10 Questions with ... Doug Tribou
April 17, 2012
BRIEF CAREER SYNOPSIS:
Board operator / producer at WRKO, Boston - 1996-1997. News anchor and reporter at WHCU, Ithaca - 1997-99. Program and News Director WGAN, WZAN, and WBAE/VAE Portland, ME - 1999-2005. First PD at 890 ESPN Boston - 2005-06. News anchor WBUR, Boston - 2006-08. Reporter / Producer "Only A Game" (produced at WBUR, distributed by NPR) - 2008-Present.
1. How did you get your start in radio? Why radio?
I always wanted to be in radio. My parents were radio fans. Morning news, baseball games, listening in the car. They bought those "Golden Age of Radio" boxed sets on cassette, so as a kid in the 1980s I got to hear "The Lone Ranger," Jack Benny, "The Green Hornet", and all of those great programs. I studied broadcast journalism at the Newhouse School at Syracuse University. My first on-air shift was as a DJ on an overnight at WERW, the free-format student station there. I got really involved and wound up being the general manager a couple of years later.
2. You worked your way up the commercial radio ladder to PD in Portland and Boston before making the move to public radio. What differences have you found in working in noncommercial vs. commercial radio -- what are the biggest differences, and what elements remain the same either way.
I love both public and commercial radio. Public radio has this great way of using one person's story to help explain a larger issue or topic. Public radio stations are also good at giving reporters time to dig into unusual stories. And there's a strong emphasis on the editing process for long-form pieces.
I think commercial radio does a good job of shifting on the fly to cover breaking news. And commercial radio does a better job of branding and imaging and has more fun with it.
But radio is still radio. Commercial or public, the reporters and anchors are always scrambling when there's a deadline coming up. There's tons of sarcasm behind the scenes and - probably the most important thing - everywhere I've worked, the people all try really hard to get it right.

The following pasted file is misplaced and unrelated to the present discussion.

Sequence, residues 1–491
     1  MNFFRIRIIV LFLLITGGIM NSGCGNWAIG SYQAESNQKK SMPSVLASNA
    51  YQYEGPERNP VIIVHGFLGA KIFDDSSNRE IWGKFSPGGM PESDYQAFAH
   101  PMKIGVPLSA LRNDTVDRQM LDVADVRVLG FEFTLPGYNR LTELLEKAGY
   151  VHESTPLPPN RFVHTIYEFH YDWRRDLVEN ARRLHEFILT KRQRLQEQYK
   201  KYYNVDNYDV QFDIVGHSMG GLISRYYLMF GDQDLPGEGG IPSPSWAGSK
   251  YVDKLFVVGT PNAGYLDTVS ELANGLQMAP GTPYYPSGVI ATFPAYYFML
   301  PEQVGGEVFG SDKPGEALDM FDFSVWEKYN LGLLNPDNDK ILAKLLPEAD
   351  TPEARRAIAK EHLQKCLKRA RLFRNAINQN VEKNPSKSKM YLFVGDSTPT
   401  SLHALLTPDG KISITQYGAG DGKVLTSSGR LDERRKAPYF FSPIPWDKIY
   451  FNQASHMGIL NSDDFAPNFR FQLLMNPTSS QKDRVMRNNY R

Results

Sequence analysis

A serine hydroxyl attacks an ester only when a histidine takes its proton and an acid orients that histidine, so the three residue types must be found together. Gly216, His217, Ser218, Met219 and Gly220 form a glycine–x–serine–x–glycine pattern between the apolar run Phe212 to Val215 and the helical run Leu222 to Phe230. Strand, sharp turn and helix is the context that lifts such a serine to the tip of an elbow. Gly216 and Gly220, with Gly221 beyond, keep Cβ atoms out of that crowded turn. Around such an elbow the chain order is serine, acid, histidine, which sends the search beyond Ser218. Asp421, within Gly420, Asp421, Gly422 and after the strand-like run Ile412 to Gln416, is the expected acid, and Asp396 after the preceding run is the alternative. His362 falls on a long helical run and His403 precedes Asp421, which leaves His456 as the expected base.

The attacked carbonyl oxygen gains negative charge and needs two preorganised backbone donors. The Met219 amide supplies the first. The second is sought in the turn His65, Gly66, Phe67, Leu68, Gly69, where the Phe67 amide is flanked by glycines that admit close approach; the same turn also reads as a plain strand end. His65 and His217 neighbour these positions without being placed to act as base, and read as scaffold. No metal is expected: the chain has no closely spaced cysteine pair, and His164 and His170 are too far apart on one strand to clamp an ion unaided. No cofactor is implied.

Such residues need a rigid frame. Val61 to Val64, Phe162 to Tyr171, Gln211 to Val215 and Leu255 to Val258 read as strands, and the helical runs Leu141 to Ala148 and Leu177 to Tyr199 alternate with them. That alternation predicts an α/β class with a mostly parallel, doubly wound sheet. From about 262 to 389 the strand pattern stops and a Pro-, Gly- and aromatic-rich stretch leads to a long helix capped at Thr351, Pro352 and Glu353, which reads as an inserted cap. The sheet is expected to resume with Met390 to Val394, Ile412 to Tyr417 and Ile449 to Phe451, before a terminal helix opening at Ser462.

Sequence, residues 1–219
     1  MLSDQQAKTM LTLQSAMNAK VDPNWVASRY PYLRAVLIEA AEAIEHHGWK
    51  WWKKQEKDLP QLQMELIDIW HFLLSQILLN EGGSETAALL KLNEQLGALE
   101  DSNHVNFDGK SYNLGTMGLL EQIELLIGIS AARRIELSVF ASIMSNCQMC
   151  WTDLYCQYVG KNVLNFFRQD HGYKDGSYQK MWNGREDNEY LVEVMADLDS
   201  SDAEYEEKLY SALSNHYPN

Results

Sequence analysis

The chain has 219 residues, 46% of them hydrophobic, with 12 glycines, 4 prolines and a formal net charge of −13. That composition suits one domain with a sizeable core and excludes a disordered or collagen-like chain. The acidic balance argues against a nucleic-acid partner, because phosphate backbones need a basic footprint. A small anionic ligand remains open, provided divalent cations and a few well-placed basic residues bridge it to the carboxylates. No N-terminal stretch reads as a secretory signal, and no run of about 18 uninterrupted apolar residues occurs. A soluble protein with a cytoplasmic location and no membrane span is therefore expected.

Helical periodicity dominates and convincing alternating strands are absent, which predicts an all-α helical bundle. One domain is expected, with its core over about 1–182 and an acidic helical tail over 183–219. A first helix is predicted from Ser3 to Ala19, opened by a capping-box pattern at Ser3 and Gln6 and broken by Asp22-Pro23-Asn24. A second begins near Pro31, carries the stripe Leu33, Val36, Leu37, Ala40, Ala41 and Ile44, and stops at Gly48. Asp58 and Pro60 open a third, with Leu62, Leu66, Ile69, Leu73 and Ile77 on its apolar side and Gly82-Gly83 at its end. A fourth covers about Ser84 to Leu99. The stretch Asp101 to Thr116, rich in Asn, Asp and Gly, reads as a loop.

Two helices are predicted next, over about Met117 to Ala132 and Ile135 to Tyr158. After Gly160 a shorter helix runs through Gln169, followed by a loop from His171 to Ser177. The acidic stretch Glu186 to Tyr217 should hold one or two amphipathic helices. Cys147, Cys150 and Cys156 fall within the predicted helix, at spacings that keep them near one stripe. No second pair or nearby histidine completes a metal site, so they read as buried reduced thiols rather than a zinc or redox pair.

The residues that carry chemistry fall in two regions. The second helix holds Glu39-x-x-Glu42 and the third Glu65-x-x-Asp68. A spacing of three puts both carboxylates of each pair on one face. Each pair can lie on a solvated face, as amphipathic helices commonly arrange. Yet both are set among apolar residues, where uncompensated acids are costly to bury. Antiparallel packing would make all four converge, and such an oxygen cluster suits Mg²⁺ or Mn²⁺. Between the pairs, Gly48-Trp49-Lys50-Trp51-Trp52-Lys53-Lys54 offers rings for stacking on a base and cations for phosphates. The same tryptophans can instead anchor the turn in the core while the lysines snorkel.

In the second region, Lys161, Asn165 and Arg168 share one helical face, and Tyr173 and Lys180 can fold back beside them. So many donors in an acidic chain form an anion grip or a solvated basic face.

3. At "Only a Game," you get to report on sports with a different approach than might be found on "regular" sports radio. Of the unusual stories on which you've reported, which have been the most memorable? What examples do you have of stories you've reported that otherwise wouldn't get attention from sports radio?
That's the great thing about my job. I can be at the NCAA basketball tournament one week and then head to a platform tennis tournament the next.
One story that stands out for me is a guy from New Hampshire who made a million foul shots to raise money for wounded U.S. military veterans and their families. He made an average of more than 1300 shots A DAY for two years just because he wanted to give something back. I was there when he made number 100,000 and did updates at 500,000 and 1,000,000. He made the final 1,000 at the Basketball Hall of Fame in Springfield, MA on Veterans' Day last year.
A few others - lobster boat speed races in Maine; participating in an open tryout for the NBA D-League; the history of the first NHL goalie mask (worn by Montreal Canadiens legend Jacques Plante); and my failed quest to find the location of an 18th-century portrait that was auctioned off in the 1970s and might be the earliest image of baseball.
4. You're pretty active on Twitter -- how do you use social media in conjunction with your work at WBUR?
Because "Only A Game" airs on Saturdays, social media is a great way for us to stay connected with our listeners during the week. We don't take calls during the show, so Facebook and Twitter let us start conversations with our audience. It also gives us another chance to interact with our affiliate stations (210 total). And of course, it's nice to have another option for promoting our stories and interviews.
5. You've taught and coached talent, especially regarding writing and reporting. Do you think there's as much interest among young people in going into radio in general and radio news in particular these days? What would you tell an aspiring radio journalist about what they should know -- how would you advise them to proceed into the business (if at all)?